In fact, I think it’s possible you could have single-religion kibbutzes set up (the make-up of the one Chomsky was on) that actually strongly wanted to cooperate with and live together with villages of other cultures. But you would have to have this kind of cooperation to be set as a major goal of that kibbutz for it to work, as well as strong beliefs in sharing territory with people from other religions.

    • W.Jones
      November 5, 2012, 9:22 pm

      Otherwise without strong belief in cooperation across groups, this “ideal” ends up modeling an entire society just on single-ethnic principles, from the local “kibbutz” level to the top level (eg. the union committee). I mean imagine if half the local co-ops, labor unions, and political parties in the US accepted membership of one culture only. It would create a huge canyon-sized division in the nation on exactly those lines, and you would need intense belief and love in multiculturalism to overcome the societal gash you had just created.

      So perhaps you are right after all.

      • Mooser
        November 7, 2012, 1:26 pm

        “It would create a huge canyon-sized division in the nation on exactly those lines, and you would need intense belief and love in multiculturalism to overcome the societal gash you had just created.”

        Oh, I’m sure if you could just persuade the Palestinians that God gave you title to the land, and you hadn’t in fact, just stolen it by violence and political minipulation under the banner of religion. But I guess a whole lotta “love” would take care of that, huh?

        Just admit it, W. Jones, your basic viewpoint is that the Bible promises to the Jews are true. I’m sure you’d rather see them accomplished without violence, which is darned nice of you. But be accomplished they will, huh, baby?

      • W.Jones
        November 7, 2012, 10:25 pm

        Mooser,

        I am not talking about creating a religious-based state made by violence, but rather the idea of Chomsky’s anarchist commune ideal. You bring up a good point that the native population would resist interference with their own society, but they may have tolerated at least a certain amount of immigration and setting up of Chomsky’s kibbutzes if those organizations hadn’t confiscated or manipulated to get their territory.

        However, I don’t think those kinds of kibbutzes are really very progressive or tolerant after all, since they create a huge, separate economic and political society based only on one religious community. What do you think of Chomsky’s ideal?

      • Mooser
        November 7, 2012, 1:33 pm

        “Actually, I am doubtful that “that the Kibbutzim communities could only exist in the first place because of a program of ethnic cleansing”. In the nationalistic movie “Exodus”

        Why are you trying so hard, and at such a great expense to your credibility, to derail or distract from the discussion? So basically, this whole discussion is about your perception of the film “Exodus”? What on earth?

    • sardelapasti
      November 6, 2012, 4:40 pm

      “In other words, I think Kibbutzes could have existed without ethnic cleansing, had they preferred to work together …”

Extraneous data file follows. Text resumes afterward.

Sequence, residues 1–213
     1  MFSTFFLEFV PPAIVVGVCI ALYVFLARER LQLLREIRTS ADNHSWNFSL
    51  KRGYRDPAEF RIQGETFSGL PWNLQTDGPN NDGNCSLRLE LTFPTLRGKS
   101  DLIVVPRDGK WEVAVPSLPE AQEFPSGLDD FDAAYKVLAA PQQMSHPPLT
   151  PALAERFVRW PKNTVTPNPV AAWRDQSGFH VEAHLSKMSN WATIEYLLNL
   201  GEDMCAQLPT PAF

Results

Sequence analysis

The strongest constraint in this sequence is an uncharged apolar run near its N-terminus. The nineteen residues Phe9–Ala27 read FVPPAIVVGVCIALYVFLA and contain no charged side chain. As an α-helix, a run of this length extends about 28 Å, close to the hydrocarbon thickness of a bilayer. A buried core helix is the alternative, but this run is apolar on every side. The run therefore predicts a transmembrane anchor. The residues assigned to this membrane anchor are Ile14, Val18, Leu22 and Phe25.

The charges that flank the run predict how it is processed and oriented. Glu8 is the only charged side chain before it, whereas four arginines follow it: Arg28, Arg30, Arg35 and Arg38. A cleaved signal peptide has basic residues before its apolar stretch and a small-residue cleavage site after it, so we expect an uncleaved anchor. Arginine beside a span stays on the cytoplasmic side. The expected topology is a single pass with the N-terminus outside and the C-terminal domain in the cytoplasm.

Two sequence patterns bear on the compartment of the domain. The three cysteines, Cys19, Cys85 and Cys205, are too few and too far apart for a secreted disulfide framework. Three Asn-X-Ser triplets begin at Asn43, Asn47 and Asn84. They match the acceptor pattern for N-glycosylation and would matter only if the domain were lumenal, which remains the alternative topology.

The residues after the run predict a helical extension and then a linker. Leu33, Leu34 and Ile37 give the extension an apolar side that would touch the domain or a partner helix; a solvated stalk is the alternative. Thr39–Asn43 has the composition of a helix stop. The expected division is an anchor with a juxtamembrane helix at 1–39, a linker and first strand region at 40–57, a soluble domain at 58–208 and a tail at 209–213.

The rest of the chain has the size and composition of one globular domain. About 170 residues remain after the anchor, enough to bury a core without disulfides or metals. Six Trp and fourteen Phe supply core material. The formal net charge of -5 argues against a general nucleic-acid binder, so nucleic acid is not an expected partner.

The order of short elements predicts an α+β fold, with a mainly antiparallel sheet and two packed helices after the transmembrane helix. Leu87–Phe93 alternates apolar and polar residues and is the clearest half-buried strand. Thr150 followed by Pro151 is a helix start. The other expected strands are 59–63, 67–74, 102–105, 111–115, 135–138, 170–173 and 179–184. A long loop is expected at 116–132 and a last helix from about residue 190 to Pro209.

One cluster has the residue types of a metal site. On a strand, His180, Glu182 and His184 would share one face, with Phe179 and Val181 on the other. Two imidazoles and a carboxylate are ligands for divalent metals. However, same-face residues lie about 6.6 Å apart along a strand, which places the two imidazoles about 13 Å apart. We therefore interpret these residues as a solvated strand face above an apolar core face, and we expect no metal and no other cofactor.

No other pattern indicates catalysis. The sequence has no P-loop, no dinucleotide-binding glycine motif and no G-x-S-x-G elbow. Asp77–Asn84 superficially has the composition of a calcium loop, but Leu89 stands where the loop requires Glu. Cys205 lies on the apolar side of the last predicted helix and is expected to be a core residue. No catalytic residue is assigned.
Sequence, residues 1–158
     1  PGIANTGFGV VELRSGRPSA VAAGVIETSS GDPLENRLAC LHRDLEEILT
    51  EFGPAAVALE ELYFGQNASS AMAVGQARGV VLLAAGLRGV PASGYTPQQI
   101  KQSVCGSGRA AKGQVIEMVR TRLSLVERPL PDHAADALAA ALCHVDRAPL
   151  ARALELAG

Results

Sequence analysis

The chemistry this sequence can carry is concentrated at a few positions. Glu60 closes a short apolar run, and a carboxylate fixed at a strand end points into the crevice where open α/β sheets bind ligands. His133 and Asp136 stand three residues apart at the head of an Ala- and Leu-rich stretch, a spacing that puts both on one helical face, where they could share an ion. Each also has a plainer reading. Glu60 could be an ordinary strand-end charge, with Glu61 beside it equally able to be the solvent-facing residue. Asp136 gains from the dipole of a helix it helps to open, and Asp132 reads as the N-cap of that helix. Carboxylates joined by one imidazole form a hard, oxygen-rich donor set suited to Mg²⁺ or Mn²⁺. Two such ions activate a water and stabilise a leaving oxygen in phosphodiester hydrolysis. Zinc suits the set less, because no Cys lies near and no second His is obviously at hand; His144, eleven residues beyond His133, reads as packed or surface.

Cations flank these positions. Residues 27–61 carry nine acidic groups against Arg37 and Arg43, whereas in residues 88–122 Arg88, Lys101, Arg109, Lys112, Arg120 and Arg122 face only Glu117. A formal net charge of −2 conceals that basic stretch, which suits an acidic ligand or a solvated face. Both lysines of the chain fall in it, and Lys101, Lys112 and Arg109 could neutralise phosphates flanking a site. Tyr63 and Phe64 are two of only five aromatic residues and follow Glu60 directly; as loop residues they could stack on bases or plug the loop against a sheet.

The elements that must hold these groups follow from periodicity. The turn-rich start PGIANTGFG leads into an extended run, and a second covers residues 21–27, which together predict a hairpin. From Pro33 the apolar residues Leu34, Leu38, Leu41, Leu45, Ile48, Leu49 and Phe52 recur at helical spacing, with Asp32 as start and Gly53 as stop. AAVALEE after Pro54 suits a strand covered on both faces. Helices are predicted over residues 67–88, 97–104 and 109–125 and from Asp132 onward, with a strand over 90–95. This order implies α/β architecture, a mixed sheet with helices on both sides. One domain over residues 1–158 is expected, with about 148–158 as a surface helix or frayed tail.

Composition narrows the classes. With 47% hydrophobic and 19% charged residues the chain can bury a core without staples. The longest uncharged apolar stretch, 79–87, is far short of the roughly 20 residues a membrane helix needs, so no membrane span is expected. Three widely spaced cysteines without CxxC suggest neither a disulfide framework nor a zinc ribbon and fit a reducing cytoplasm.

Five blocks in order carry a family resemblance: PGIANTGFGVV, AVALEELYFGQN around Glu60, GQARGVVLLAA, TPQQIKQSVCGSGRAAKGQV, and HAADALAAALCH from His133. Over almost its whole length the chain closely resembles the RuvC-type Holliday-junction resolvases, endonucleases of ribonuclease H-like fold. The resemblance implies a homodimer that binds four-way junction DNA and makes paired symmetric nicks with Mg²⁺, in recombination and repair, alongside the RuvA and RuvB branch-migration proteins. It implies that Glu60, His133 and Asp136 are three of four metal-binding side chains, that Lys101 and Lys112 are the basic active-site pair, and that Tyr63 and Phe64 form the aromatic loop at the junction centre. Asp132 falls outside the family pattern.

And so we continue to happily confuse two unmiscible issues.

      Of these two “communities/religions/nationalities/ethnies/ identities”/other such words,
      – one fully has the right to be there and is at home.
      – the other one still has no right at all to be anywhere on Palestinian soil and can only obtain such a right by sufferance, or at the pleasure, of the other one (which has no structure to express any such approvals.) Any objection to this latter statement (including those based on UN votes) is nothing but a de facto legitimation of the barbarian “right” of conquest.

      That is in fact the total absurdity of talking about either “two states” or “binational” states”: before having a structure, that is not under Israeli/American control, to represent the Palestinian people, there can be no one able to make even a minimal change in the totally illegitimate status of the Master-Race invaders.

    • Mooser
      November 7, 2012, 1:19 pm

      “as well as strong beliefs in sharing territory with people from other religions.”

      Excuse me W.Jones, but who do you think is doing the “sharing”. You think it would be just ducky if the Zionists were nice to the Palestinians on what is, in fact, Palestinians land.

      Another words, on some level, you believe all that God-gave-the-land-to-the-Jews crap, and you’ are just trying to figure out some way of incalcating that tenet into the discussion. Or maybe you just can’t help it. This being the “Holy Land” and all.

      • W.Jones
        November 7, 2012, 10:18 pm

        Mooser,

        As per your message on: November 7, 2012 at 1:19 pm- It seems to me possible that with the right ideology and attitudes large numbers of Jewish immigrants could have peacefully immigrated to Palestine and legally purchased land from Palestinians and shared the territory without forming a state dedicated to a single religious community. My impression is that this was happening in practice to some extent in the early 20th century, although it’s true the Zionists ultimately wanted to create a single-religion state, which they did.